This decision — which reflects the extension of Article 50 — aims to minimise disruption for firms and other regulated entities if the UK leaves the EU without a withdrawal agreement.
Currently, under the power, firms don’t need to prepare to meet the changes to their UK regulatory obligations that are connected to Brexit.
“The temporary transitional power is a key part of our contingency planning if the UK leaves the EU without an agreement,” said Nausicaa Delfas, executive director of international at the FCA.
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“This extension should give firms and other regulated persons the time they need to phase in any regulatory changes they may need to make as a result of 'onshored' EU legislation.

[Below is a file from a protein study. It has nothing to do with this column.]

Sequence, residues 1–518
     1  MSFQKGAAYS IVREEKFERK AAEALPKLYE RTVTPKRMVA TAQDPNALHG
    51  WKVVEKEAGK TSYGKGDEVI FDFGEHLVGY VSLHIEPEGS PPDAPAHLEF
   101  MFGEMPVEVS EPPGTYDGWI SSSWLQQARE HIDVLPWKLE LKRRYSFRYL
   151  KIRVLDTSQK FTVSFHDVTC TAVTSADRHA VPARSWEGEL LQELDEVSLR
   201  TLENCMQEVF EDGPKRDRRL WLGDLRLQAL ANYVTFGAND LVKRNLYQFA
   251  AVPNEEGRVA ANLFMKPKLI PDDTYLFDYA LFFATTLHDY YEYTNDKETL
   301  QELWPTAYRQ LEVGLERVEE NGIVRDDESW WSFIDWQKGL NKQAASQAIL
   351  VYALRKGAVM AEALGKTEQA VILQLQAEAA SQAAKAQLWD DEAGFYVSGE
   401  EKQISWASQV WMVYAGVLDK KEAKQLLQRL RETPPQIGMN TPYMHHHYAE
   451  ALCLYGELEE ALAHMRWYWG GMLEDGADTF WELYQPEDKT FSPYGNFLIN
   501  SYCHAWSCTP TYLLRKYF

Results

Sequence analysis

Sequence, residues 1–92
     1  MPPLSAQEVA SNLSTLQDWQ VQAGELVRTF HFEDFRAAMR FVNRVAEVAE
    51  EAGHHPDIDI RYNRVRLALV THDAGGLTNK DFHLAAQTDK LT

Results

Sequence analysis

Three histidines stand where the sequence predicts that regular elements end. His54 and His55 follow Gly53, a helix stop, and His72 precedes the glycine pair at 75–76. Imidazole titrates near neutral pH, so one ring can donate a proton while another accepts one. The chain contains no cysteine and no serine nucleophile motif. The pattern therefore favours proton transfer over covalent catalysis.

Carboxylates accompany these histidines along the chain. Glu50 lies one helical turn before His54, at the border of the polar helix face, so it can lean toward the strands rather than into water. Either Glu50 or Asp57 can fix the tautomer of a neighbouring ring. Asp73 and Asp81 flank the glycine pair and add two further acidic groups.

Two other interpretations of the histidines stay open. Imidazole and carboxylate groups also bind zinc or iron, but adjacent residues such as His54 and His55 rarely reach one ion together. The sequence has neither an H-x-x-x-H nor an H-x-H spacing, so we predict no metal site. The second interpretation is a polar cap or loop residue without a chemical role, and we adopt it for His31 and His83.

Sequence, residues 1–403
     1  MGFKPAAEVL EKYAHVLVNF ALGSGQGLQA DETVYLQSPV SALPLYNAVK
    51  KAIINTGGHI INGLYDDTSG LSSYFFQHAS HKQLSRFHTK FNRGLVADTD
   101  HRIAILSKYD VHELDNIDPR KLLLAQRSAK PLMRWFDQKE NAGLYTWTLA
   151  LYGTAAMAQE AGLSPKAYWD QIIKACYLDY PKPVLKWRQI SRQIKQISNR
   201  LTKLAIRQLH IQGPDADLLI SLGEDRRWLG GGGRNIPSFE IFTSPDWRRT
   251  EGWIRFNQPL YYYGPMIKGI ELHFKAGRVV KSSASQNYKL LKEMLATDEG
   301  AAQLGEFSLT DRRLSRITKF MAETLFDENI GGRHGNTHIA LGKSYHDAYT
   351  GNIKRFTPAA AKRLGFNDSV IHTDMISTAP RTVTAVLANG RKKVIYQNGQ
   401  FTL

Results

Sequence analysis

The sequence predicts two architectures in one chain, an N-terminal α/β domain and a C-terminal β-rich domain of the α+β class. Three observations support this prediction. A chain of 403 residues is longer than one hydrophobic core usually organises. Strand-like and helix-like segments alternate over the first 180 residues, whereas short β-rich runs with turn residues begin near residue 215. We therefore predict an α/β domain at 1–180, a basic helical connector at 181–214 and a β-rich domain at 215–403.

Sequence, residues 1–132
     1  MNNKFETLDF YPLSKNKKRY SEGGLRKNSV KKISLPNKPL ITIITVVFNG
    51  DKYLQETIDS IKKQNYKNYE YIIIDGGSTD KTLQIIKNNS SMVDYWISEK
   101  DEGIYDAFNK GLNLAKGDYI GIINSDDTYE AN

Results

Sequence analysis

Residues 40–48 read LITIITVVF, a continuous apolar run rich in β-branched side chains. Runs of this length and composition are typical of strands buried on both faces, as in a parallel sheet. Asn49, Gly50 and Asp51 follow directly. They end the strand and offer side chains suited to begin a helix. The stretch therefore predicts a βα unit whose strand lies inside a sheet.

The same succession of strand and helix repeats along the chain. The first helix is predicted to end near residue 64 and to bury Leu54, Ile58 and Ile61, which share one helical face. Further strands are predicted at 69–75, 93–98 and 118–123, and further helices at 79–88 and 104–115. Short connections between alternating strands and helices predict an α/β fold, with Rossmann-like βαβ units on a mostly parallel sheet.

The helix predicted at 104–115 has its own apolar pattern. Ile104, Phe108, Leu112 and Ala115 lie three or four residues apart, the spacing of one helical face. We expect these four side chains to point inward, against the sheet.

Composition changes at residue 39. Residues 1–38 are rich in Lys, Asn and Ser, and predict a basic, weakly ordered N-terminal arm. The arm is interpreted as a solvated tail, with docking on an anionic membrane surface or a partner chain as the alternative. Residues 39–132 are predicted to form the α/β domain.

“The power will provide certainty, ensure continuity and reduce the risk of disruption.”
Nausicaa added that there were some areas where it would not be appropriate to phase in the changes.
“For example, reporting rules under MiFID II, as receiving these reports is crucial to our ability to ensure market oversight and the integrity of financial markets.
“In these few areas only, we still expect firms and other regulated entities to take reasonable steps to comply with the changes to their regulatory obligations by exit day.”